Tuesday, May 26, 2015

Waterbury Republican Article

Thursday, May 21, 2015 1:05 AM EDT
Wilby grad puts Driggs on map
From Waterbury to the New York Times and beyond

WATERBURY — Growing up in Waterbury, Sarah Brady Voll always wanted to travel the globe. Her love of video production blossomed at Wilby High School, thanks to teacher Scott Serafine.

In the past seven months, Brady Voll merged these passions as a contracted audio specialist working with the New York Times on a highly stylized video travel feature called "36 Hours." The project uses sharp video production and well-blended audio and music to highlight the culture of destinations around the world.

Brady Voll, 33, of Queens, has visited Strasbourg, Milan, Columbia, Austria, Croatia, Sante Fe and 15 other destinations since October. And, in a way, she's taken students from Driggs Elementary School along for the ride.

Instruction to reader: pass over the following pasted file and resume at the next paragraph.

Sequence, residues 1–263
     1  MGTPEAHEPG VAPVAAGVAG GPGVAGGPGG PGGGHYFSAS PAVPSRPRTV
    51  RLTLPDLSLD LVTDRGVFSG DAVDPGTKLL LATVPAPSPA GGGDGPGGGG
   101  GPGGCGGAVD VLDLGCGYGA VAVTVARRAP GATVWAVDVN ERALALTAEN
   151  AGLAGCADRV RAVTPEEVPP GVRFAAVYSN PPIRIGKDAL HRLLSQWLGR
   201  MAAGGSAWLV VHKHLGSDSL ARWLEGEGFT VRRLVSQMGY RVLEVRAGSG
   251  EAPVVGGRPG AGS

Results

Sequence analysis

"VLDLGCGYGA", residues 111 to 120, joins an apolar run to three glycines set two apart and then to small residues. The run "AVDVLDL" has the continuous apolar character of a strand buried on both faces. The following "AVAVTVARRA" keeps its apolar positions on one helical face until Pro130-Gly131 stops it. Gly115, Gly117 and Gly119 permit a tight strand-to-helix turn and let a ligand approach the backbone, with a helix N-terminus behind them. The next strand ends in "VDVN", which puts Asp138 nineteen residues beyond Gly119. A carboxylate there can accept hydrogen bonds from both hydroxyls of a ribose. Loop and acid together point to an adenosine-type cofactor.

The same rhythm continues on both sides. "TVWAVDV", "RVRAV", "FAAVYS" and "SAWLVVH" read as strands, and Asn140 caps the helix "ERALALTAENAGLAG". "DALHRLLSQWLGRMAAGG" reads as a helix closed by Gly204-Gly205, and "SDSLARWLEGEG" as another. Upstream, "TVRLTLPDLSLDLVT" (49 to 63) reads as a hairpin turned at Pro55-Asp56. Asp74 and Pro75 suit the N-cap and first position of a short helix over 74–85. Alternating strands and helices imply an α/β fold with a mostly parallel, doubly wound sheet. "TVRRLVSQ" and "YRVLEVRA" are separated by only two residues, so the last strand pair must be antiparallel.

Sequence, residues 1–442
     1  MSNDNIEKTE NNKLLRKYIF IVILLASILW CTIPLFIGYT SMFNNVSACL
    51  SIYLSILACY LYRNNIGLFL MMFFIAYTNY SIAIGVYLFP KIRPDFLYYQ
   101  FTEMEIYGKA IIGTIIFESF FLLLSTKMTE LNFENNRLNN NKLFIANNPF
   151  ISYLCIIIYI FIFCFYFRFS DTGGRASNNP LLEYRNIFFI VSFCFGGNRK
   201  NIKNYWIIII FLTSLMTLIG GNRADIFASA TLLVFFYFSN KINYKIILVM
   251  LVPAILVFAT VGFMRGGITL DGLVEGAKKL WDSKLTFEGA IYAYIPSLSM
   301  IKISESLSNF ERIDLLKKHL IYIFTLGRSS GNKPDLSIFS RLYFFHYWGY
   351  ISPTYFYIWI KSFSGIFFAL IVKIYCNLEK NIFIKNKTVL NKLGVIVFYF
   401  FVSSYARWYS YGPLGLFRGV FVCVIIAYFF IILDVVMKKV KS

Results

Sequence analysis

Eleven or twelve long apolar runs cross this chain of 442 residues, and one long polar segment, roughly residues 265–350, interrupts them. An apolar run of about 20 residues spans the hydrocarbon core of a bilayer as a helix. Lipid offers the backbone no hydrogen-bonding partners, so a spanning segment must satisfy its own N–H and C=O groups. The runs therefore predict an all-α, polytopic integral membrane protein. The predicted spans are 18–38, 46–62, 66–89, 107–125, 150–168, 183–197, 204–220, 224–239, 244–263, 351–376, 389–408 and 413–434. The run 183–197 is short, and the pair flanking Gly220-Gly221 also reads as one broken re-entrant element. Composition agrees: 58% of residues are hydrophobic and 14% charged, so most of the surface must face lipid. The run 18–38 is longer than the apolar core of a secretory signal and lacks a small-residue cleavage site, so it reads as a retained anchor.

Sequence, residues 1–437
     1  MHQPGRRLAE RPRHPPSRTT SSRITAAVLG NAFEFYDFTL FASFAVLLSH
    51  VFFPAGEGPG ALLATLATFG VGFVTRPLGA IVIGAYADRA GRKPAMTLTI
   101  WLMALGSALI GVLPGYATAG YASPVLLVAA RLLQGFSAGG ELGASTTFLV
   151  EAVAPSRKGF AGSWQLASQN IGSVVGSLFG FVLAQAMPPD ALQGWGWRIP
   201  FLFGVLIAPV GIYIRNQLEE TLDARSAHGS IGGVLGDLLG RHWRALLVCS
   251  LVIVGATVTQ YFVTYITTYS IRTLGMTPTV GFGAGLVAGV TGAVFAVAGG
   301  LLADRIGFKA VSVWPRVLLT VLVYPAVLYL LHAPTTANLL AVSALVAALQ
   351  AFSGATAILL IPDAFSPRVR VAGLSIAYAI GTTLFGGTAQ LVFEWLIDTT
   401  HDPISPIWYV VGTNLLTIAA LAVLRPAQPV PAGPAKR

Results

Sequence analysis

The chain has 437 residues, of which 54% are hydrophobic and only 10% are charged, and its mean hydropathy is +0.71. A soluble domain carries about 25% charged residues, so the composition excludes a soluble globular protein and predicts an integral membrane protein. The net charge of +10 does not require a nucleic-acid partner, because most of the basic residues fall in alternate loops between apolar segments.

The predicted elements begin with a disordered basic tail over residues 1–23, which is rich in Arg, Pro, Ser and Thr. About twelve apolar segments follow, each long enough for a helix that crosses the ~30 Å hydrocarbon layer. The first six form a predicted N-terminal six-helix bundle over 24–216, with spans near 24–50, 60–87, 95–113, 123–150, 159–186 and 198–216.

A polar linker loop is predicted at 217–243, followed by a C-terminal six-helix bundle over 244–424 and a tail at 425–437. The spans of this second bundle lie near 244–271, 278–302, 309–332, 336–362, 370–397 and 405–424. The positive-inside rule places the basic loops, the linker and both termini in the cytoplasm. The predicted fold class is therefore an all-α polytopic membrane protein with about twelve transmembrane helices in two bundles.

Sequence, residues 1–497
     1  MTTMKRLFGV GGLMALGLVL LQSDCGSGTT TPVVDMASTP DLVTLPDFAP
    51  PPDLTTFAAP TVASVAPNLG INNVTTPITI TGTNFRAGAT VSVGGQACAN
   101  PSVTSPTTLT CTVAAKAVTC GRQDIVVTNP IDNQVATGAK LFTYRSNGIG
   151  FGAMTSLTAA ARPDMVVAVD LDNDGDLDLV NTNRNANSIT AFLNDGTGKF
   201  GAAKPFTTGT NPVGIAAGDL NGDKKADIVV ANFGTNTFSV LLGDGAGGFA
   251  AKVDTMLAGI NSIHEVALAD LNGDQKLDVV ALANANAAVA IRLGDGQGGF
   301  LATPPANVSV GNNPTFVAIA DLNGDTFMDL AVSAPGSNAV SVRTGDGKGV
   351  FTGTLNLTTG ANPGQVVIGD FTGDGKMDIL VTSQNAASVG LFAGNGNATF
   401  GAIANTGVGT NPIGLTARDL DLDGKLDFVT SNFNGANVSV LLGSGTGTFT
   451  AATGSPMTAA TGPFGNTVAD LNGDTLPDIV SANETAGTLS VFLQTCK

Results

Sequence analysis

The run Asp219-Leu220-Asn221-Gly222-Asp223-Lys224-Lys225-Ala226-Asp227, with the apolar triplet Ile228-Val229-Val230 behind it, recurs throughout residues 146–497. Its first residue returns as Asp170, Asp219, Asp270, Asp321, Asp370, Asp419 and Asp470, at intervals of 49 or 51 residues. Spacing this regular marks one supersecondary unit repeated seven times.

Brady Voll's mother, Charlotte Brady, is the library-media specialist at Driggs. She's made a schoolwide project of following her daughter's international exploits. Students have created diamond-shaped pennants featuring the cities visited to hang in the library. Where the New York Times focuses on activities for adults in the visited cities, Driggs students focused on activities for children among the various cultures.

It began with Brady sharing a photo blog of her daughter's destinations. From there, the project "snowballed," she said, and became a favorite of Driggs students. Brady said students constantly ask where her daughter is traveling next.

For Brady, it helped drive home the point that Waterbury students, like her daughter, can accomplish any goal.

On Tuesday, Brady Voll visited Driggs, with a crew of four New York Times contractors and one producer, all of whom volunteered their time to work with students to create a "36 Hours" piece focusing on Driggs and Waterbury.

Ten students wearing red polo shirts were trained as the assistant film crew. Students held the microphone boom, helped manage the camera, and even conducted interviews with the lunch staff, Principal Michael Theriault and others. All of this was done under the careful tutelage of the New York Times crew.

Brady Voll said it felt "really good" to show students a slice of the broader world, and potential career opportunities.

"I was one of them," Brady Voll said. "It's nice for them to know they can do whatever they want."